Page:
Dr Sheela Nambiar
Is intermittent fasting recommended?
It is — start with a 12-hour fast. You can have water, black coffee or green tea which do not stimulate insulin. What you’re trying to do is to keep the insulin levels very low. You can gradually increase it to 14 and then do 16 hours once a week or so. It’s also important what you eat during your feeding window – if you eat all through or eat junk food, it would defeat the purpose. If you have diabetes and are on medication, check with your doctor.
How do we build an exercise programme that will last?
Once you hit 40, your focus should shift from doing a lot of cardio to doing more strength. There are several reasons for this: as Indians, we have very little muscle mass. This is detrimental, because it leads to a higher fat percentage in the body, fat around the belly and metabolic syndromes. In order to get a more metabolically active body, which burns calories even at rest, you need to build more muscle, and cardio won’t do that. Don’t be afraid to lift heavy. Once you start to build muscle, your body will change, because muscle produces what is called the after-burn, which means you are burning more calories six to eight hours after, which is what sustains weight loss.
Gyms and weights can scare the beginner and trainers are often ill-qualified. What can we do at home?
You can start with own body weight exercises, like lunges, squats, push-ups, planks, but eventually you will need something more. If you’re not at your ideal weight, you may find it difficult to do these, so you could use free weights and online programmes to help you through: ACE Fitness or IDEA Fit, for instance. They teach you exercises from scratch, and once you learn these, you can build your own routine. As you grow into exercise, try and include compound exercises that use more than one body part, such as a deadlift or a clean and press, or lunges with shoulder press. The main thing is to enjoy the journey, so you appreciate your body and the fact that we can move.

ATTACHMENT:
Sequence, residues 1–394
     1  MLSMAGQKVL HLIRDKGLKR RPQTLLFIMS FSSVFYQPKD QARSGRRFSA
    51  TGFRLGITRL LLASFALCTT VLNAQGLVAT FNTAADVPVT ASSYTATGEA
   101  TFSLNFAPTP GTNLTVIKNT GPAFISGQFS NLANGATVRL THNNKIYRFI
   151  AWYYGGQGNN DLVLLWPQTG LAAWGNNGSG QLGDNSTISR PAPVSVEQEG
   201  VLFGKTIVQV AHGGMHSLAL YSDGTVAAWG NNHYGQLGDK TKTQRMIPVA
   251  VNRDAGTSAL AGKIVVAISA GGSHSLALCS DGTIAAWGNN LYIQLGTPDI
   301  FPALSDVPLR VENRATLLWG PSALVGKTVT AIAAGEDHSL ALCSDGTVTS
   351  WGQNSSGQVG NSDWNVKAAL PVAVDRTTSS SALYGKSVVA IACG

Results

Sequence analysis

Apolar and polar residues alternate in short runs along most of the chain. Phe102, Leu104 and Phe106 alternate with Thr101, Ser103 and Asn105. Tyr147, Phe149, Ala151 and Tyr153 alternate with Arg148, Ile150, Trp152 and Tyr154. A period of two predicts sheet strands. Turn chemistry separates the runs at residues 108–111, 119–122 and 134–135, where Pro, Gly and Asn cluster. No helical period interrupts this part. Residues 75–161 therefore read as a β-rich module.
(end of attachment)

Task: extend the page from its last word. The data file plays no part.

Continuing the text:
What is the secret to close relationships?
The most successful relationships are the ones where there is some amount of effort put in from both sides, where we set aside time to listen. There has to also be an element of mutual respect for it to grow, and authenticity. Good quality social connectedness improves health. Perceived social isolation (PSI), which springs from lack of connection, can lead to dementia, Alzheimer’s disease and bad behavioural habits (like overeating).
How important is Nature?
Very important. There’s research that even having plants inside your house helps with well-being. If you really can’t get out to a park or even the beach, then nurturing plants on a terrace garden really works wonders.
With high levels of anxiety during the lockdown, how do we focus?
Focus on what you have control over: protecting yourself and building your immunity. So social distancing, sanitisation, eating well, taking zinc and vitamin C, exercising regularly, making sure your prexisting diabetes or hypertension are under control… This is a great time to go off sugar and processed foods, because we know that people who are obese have a greater propensity to develop severe symptoms of COVID-19.